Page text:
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The Genetic Mechanisms and Characteristics of Hydrocarbon Migration Induced by Overpressure in the Yinggehai Basin, South China Sea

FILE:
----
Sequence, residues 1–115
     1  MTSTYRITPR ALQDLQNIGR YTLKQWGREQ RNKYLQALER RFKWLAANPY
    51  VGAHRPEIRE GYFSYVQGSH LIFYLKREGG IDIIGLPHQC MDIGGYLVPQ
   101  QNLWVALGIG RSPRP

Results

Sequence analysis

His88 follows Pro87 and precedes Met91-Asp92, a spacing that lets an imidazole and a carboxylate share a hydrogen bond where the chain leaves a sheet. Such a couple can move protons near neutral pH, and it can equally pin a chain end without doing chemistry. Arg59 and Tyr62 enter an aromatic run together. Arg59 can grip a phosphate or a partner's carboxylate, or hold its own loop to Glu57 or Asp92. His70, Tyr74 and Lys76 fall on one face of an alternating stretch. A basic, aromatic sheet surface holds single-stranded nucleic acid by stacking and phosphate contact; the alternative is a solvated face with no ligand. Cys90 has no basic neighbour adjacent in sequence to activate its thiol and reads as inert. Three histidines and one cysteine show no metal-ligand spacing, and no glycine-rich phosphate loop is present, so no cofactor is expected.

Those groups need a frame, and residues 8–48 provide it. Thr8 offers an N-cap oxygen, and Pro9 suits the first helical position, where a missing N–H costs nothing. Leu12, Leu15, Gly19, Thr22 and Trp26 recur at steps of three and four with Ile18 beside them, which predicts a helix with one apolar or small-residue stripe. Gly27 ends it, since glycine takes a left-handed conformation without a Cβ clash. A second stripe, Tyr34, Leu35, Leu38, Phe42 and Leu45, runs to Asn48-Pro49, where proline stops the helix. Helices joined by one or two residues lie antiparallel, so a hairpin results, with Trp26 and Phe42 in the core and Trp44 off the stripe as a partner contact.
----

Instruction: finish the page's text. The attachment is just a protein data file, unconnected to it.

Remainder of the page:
The Yinggehai Basin is a Cenozoic high temperature and high pressure strike-slip basin with rapid subsidence and lots of fluid diapirs. Most of the gas fields discovered confirmed that the reservoirs are charged by vertical pathways which were induced by overpressure fluids. By using 3D seismic attributes including coherence and curvature cubes, two main types of hydrocarbon migration systems induced by overpressure-driven fractures are recognized and characterized in the sag region of the Yinggehai Basin, which are the diapir system and the deep pre-exist fracture system reactivated by late overpressure, respectively. The diapir system, mainly distributes in the central depression of the basin, can be divided into five evolution stages including pressurization, punctuation, equilibrium, relief and collapse according to the recovering and modeling of diapiric structures . The deep pre-exist fracture system mainly distributes in deep, high-pressure intervals which located in the margin of the basin. By using geochemical methods such as natural gas isotopes and inclusions uniform temperature, it is confirmed that there are at least three phases of natural gas charging since Pliocene. By comparing the hydraulic fracture pressure coefficient from boreholes, it is indicated that the distribution of bearing gas-beds has a significant correlation with the hydraulic fracture pressure coefficient, which suggested that the larger the hydraulic fracture pressure coefficient of the caprock, the more likely the natural gas leaks, and the higher migration efficiency. Synthetically utilizing the overpressure forming time, the hydrocarbon charging time and regional tectonics, firstly, it is suggested that the Pliocene dextral strike-slip extension was conducive to the increase of depositional rate, the formation of regional un-equilibrium overpressure, and the induced generation of local tension fractures which triggered the development of diapirs that enlarged and increased the fracturing degree and improved the migration efficiency in turn. Secondly, it is suggested that the Miocene sinistral strike slip created dense tension fractures in the deep intervals which reactivated under the late overpressure and acted as vertical pathways for natural gas migration. Whether or where nature gas accumulation is determined by hydraulic fracture pressure coefficient rather than the pre-exist fractures.